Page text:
]. With moisture being the limiting factor controlling plant growth, plants and fauna are mainly heliotropic, thermophilic, xerophilic or mesophilic, acidophilic and oligotrophic, and originate from grasslands and pioneer habitats, showing a wide variety of functional traits for pollination, dispersal, and reproduction [49
4. How Abundant Are Green Roof and Green Wall Patches in Cities?
Although an overall increase of the green space area was measured in European cities from 2000–2006 [69
], cities remain often too sparsely vegetated [7
]. The role of green spaces in maintaining a high level of biodiversity in cities remains questionable [9
] because the amount of green spaces is known to significantly and positively impact urban species richness [6
]. Very few data have been collected to show how much the installed green roofs and green walls really contribute to the amount of green spaces in urbanized areas; the city of Paris (France) had only 30 ha of green walls (less than 1% of urban green spaces) in 2016, and 44 ha of green roofs (1.4% of urban green spaces) in 2013, which are mainly on private buildings [70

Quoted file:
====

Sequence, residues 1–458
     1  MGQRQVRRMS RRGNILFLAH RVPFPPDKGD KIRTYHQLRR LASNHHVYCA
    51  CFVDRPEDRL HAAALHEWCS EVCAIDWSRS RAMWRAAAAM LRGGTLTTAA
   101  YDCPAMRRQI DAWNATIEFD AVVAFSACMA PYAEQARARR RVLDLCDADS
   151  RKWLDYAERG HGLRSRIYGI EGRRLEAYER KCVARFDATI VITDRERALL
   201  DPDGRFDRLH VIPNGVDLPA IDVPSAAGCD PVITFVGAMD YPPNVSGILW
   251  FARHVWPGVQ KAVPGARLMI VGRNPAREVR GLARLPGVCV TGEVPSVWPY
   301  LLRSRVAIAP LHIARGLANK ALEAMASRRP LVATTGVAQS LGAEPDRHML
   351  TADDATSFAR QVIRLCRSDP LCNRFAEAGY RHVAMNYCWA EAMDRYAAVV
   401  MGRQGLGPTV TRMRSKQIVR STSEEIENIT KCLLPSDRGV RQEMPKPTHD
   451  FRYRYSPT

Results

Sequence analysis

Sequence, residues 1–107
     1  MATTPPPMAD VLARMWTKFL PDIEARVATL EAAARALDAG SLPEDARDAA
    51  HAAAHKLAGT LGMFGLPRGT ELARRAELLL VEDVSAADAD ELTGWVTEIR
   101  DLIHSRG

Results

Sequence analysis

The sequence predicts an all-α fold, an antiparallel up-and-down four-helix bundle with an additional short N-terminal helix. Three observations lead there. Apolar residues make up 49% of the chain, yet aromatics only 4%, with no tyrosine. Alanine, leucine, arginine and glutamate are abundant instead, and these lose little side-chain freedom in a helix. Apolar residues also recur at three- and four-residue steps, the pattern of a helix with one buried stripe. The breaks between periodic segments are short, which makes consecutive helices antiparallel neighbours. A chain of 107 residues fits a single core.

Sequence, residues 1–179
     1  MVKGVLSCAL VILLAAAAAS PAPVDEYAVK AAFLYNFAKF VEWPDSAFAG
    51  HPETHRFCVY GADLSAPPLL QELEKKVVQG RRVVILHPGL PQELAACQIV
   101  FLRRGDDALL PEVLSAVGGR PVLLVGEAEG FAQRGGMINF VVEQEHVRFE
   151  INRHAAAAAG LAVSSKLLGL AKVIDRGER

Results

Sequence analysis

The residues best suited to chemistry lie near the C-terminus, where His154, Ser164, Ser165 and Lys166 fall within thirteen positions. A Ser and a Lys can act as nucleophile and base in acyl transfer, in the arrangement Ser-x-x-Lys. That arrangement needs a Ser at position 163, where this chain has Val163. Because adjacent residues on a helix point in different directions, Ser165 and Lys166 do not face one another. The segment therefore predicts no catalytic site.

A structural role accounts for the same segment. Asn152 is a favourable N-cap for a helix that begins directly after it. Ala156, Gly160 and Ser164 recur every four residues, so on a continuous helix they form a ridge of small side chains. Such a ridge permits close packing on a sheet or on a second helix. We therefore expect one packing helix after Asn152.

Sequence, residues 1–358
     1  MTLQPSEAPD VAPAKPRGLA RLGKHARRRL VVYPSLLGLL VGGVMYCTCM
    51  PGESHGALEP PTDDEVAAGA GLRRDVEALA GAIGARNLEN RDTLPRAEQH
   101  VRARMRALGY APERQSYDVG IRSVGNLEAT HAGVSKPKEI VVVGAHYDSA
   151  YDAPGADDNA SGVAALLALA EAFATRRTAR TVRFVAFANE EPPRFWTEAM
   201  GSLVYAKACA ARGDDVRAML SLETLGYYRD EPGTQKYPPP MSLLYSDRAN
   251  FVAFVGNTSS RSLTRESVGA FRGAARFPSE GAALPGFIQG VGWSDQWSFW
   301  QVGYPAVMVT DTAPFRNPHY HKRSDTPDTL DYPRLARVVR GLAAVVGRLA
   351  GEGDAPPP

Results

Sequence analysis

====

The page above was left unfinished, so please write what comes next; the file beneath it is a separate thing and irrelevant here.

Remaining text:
]. In 2007, Zurich, Switzerland, had 87 ha of vegetated roofs [72
The number of opportunities for increasing the amount of green spaces in dense areas by greening buildings appears substantial but uncertain, as many factors act as constraints on the installation, design, and maintenance of green roofs and green walls. Firstly, there are architectural restrictions (e.g., Reference [73
]), industry standards, and regulations. Through two types of indexes that assess (i) the building capacity for incorporating green roofs and (ii) the need for additional green spaces in areas [73
], it has been noted that many buildings could be suitable for green roof installation in Lisbon (52% of the total city area). In contrast, in Paris (France), only 80 ha out of the 460 ha of empty concrete roofs (17.6%) have been estimated to be potentially valuable sites for vegetation, because flat rooftop areas less than 200 m2
or with a slope greater than 2% are inadequate [71
]. Such criteria could be slightly modified to multiply patches in the urban matrix, but those results also indicate that the lack of green spaces in the core city centre cannot always be compensated for by greening roofs, because of the rarity of optimal roofs in the historic centre.